4. Within 4 days of the anonymous site going online the newspaper of record for the area writes an article promoting it going so far as to link a blind, anonymous email address in the promotion.
First of all, a Happy New Year to all–hope your holidays were all you wanted them to be and the New Year will be successful for you. This year will be a year of “elections” or “decisions” if you will. Waveland will hold their municipal elections in the Fall, and if that seems far off, just wait. It will be here before you know it. Certainly the announcements and campaigning will be here soon. The Alliance will sponsor a political forum as we do for all the elections, so stay tuned if you are a candidate or simply a voter.
Events that have unfolded since the Bay St. Louis officials took the oath of office last July indicate that the Bay City Council needs to “elect” to see that their city’s bills get paid whether or not the Mayor does. They may have to “take the checkbook” away from him if need be. This is, of course, a figure of speech, but they do have the legal responsibility for seeing that the bills are paid, which could be to refuse to approve any more dockets until he pays the Solid Waste and Hancock County Utility Authorities what the city owes them. After all, these folks have dockets to pay as well. And using the excuse that they fell behind because they didn’t charge enough for utilities is ridiculous. That’s not the fault of the Utility Authorities. By the way, what happened to the $500,000 line of credit that was supposed to cover these utility bills? And, most importantly, what is the administration doing with the money the users are sending to city hall to pay these bills? The city does’t own any garbage trucks or employ any garbage workers. So what makes them think they can keep funds for a service they not only do not, but cannot perform? Amazing. Who knows what the list of delinquent bills looks like? Now we are hearing that Lowe’s has cut the city off for non payment; and heard it from RELIABLE sources.
And yes Virginia, a Purchase order is a binding legal contract. In a well designed procedurement system, something the City of Bay St Louis evidently lacks, it all starts with a “purchase requisition” (requisition for short) and once the applicable legal requirements are checked and met (including checking against the budget), a purchase order is then issued and an encumbrance created.
I mention this because it is clear none of this occurred with the purchase of the new Fire Truck for the Bay St Louis Fire Department, the State Auditor’s office was called in and a controversy created:
In order to follow the rules one must first know what the rules are and I’m wondering if there is anyone at City Hall with any sort of meaningful expertise on the proper financial operation of a Mississippi Municipality. I still cringe in horror knowing the City runs Quickbooks as its ERP package. Such is penny wise and pound foolish on so many levels.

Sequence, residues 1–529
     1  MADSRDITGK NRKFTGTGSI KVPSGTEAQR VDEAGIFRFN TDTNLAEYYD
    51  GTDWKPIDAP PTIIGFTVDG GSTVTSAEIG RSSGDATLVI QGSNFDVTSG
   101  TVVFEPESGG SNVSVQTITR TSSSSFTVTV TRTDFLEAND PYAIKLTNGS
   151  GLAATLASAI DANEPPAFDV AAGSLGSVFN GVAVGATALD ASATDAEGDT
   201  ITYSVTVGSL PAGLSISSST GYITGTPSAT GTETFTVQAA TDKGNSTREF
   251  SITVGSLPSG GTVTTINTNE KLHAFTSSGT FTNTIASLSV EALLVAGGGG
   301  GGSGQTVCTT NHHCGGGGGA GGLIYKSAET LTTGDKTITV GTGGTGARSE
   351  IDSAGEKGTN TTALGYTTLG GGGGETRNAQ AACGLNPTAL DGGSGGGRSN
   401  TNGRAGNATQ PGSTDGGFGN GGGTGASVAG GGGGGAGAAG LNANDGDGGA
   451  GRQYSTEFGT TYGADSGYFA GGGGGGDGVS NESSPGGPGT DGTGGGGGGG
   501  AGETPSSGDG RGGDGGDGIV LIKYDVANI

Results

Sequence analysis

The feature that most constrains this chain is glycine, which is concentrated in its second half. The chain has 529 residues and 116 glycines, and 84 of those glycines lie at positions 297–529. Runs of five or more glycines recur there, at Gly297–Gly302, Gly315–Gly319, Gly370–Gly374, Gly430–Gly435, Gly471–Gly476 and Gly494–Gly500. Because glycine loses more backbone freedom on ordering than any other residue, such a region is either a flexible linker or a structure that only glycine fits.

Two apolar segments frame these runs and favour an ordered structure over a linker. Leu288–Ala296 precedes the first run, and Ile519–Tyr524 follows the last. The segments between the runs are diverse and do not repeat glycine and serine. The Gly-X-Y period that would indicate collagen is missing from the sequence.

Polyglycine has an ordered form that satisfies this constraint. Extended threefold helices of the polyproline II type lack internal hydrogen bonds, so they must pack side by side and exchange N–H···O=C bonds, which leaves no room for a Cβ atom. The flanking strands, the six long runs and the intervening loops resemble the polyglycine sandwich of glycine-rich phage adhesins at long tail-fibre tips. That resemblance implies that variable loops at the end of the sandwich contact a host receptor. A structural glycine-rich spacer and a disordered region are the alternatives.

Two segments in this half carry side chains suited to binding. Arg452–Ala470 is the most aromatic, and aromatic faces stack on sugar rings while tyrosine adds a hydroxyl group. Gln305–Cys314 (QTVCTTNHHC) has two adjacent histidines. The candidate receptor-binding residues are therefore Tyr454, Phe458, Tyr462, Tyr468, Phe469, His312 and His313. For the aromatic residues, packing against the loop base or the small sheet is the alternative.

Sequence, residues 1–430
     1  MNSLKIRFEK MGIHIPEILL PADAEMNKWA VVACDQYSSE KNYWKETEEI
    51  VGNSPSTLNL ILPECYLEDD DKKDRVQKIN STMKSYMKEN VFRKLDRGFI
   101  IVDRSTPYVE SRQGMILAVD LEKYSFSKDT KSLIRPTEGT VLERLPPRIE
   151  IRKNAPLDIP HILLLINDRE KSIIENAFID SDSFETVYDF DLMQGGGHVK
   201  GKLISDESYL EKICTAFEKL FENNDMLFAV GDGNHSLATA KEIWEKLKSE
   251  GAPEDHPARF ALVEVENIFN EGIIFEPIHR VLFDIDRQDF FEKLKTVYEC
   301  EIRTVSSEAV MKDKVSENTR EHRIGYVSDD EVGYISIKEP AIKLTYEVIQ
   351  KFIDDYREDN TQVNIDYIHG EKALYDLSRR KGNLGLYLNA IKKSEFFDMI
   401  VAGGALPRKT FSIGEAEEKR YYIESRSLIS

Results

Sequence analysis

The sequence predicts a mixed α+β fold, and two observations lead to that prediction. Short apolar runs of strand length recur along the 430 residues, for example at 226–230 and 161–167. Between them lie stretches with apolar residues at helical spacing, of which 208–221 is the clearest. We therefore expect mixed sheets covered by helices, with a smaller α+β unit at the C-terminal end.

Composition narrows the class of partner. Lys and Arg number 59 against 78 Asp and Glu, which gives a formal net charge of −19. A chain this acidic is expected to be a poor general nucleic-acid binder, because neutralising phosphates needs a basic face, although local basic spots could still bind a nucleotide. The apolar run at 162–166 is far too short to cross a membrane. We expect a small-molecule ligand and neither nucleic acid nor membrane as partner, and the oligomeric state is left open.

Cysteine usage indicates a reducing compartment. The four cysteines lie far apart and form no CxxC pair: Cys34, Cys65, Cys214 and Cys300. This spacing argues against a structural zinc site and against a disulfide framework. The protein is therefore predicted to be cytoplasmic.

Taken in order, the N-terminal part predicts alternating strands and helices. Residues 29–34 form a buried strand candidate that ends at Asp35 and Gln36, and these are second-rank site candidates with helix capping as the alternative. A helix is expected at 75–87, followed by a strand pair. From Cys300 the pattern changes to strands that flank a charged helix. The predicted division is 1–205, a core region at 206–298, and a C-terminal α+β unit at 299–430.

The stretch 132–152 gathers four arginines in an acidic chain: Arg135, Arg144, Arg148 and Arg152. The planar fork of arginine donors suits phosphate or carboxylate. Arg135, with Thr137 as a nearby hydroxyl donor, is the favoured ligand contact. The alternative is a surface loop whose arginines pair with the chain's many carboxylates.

Luckily there is no reason to take blind stabs in the dark when it comes to the proper fiscal operation of a Municipal Government since the good folks at Mississippi State University have been kind enough to post their 2013 Municipal Handbook on the internet free of charge for everyone, and by everyone I mean especially those located at City Hall in Bay St Louis. Chapter IX (that’s 9 for those of you that do not do roman numerals) has a great section on Municipal fiscal operations. It is not an exhaustive treatise on the subject but it pairs nicely with the 2010 Municipal Audit and Accounting Guide, which is also available free of charge from the State Auditor’s Website which goes into a bit more depth. Continue reading “The word he was looking for is “purchase requisition””
In the state of Mississippi the efforts of some public officials to exclude the taxpayers from their deliberations on the expenditure of public funds has reached epidemic proportions. The sad thing is that the weak laws in this state don’t offer much relief for the taxpaying public.
In one day we get to observe a state official, State Auditor Stacey Pickering, and his staff admit under oath their efforts to hide information not only from the public, but from a Judge.
Then the Bay St. Louis Mayor and City Council call a “special” meeting to finalize the purchase of a new fire truck that will come in at slightly over $500,000. The notice of the meeting went out the morning of the meeting. This doesn’t give John Q. Public much chance to make arrangements to listen or participate in the discussion of the purchase of this equipment with our hard earned tax dollars.